President Obama lifted off from Atlanta’s airport Tuesday afternoon after a visit to the Centers for Disease Control.
Mr. Obama came to Atlanta to outline his plan to combat the Ebola crisis in West Africa.
The outbreak is believed to have killed more than 2400 people, and the U.S. government is drawing on more than a half billion dollars in defense spending to fight the deadly virus.
Speaking at the Centers for Disease Control and Prevention, the president said this is the largest international response in the history of the CDC.
GPB reporter Jeanne Bonner was the Hartsfield- Jackson Airport for the President’s arrival and departure. She joined “All Things Considered” host Rickey Bevington by phone to talk about the significance of President Obama’s visit.
Four years ago, researchers at Georgia State met with U.S. Army officials. The military wanted their help fighting a host of infectious diseases, including Ebola. Biology Professor George Pierce is one of the researchers who met with the Army. He says, at the time, he and his team’s focus was on flu vaccine research. But four months ago, the speed and focus of their research changed. That’s when Ebola broke out again in West Africa. Pierce says this outbreak of Ebola is more widespread and is causing more concern. The geography of the disease, Pierce added, has also shifted.
The head of the Centers for Disease Control and Prevention went to Capitol Hill Wednesday to testify about what he called an “unacceptable” series of safety breaches. Dr. Tom Frieden, who heads the Atlanta-based federal health laboratories, was in Washington to address the mishandling of potentially lethal anthrax spores in June. Since that episode, the agency has revealed there have been other occasions in which scientists at the CDC have mishandled small pox and avian flu virus samples.
Remember Jane Fonda workout tapes, leg warmers, racquetball? If you do, you’re probably a baby boomer, the first generation to embrace regular exercise and daily workouts. And you are now likely part of a majority of middle agers who have gone from fit to flabby. GPB’s Bobbie Battista takes a look at the rise and fall of the fitness generation.
Babies learn to talk following an intricate biological progression. It may sound like babble, but those noises babies make represent distinct milestones along the road to talking. And the absence of sounds can be cause for concern. When GPB reporter Jeanne Bonner had her first child almost two years ago, she started recording the sounds of her baby’s voice. As she reports, Atlanta researchers are conducting the largest-ever study of infant vocal development.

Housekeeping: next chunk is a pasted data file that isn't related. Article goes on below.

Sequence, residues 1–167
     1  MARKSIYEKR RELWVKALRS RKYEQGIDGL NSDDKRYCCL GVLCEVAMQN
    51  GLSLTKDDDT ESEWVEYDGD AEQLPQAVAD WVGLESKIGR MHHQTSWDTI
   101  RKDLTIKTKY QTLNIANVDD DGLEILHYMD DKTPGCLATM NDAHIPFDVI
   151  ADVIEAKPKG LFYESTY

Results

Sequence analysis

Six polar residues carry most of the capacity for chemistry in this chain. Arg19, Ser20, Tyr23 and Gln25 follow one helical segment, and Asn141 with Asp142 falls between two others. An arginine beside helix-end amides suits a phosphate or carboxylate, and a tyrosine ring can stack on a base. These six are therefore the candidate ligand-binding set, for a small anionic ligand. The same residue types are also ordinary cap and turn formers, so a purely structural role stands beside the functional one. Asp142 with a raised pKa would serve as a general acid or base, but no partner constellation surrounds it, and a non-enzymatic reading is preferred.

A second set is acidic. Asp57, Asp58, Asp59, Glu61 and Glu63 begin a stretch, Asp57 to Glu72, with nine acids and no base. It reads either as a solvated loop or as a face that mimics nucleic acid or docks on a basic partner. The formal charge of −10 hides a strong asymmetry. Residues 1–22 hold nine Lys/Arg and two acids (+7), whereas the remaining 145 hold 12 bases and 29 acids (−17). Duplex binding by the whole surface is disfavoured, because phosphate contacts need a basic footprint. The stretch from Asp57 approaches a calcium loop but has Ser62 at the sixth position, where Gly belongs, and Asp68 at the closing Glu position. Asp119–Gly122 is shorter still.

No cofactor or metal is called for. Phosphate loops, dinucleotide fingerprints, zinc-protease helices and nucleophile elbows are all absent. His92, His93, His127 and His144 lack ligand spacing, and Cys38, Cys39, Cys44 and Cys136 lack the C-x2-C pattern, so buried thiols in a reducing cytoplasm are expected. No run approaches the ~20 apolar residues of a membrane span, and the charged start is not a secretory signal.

Mark Goolsby’s family has called Juliette, GA home for almost 200 years. He doesn’t live in the white two story family home on Luther Smith Road, and probably never will, but his 80 year old mother still does. “My mother doesn’t want to leave this place. She’s been here 62 years after she married my dad. She doesn’t want to relocate,” Goolsby said. It’s what’s nearby that gets Goolsby talking relocation. The ash pond for Georgia Power’s coal fired Plant Scherer is just through the treeline across the road. Mark Goolsby believes the plant is what has made his mother sick for years and is what caused the liver cancer that killed his father.
Gerontologist Alexis Abramson has a piece of advice about aging. Her motto is, ‘don't forget about the bright side.’ "You can have 30 years of life when you retire," she said on GPB's On The Story. "What do you want to do with all that time? What have you never been able to do? What are your passions?" Her advice comes on the heels of a new U.S. Census report that shows America is a rapidly aging nation. The number of people older than 65 is expected to skyrocket from the current 43 million, to almost 84 million in 2050. At that point, more than one in every five Americans will be over 65.
Twenty-two Georgia hospitals have joined a project to reduce maternal death rates in the United States, a nursing group announced Wednesday. The Association of Women’s Health, Obstetric and Neonatal Nurses has launched an initiative to improve the treatment of pregnancy-related complications, and is focusing on birthing hospitals in Georgia and New Jersey. Georgia ranks 50th among states in maternal deaths.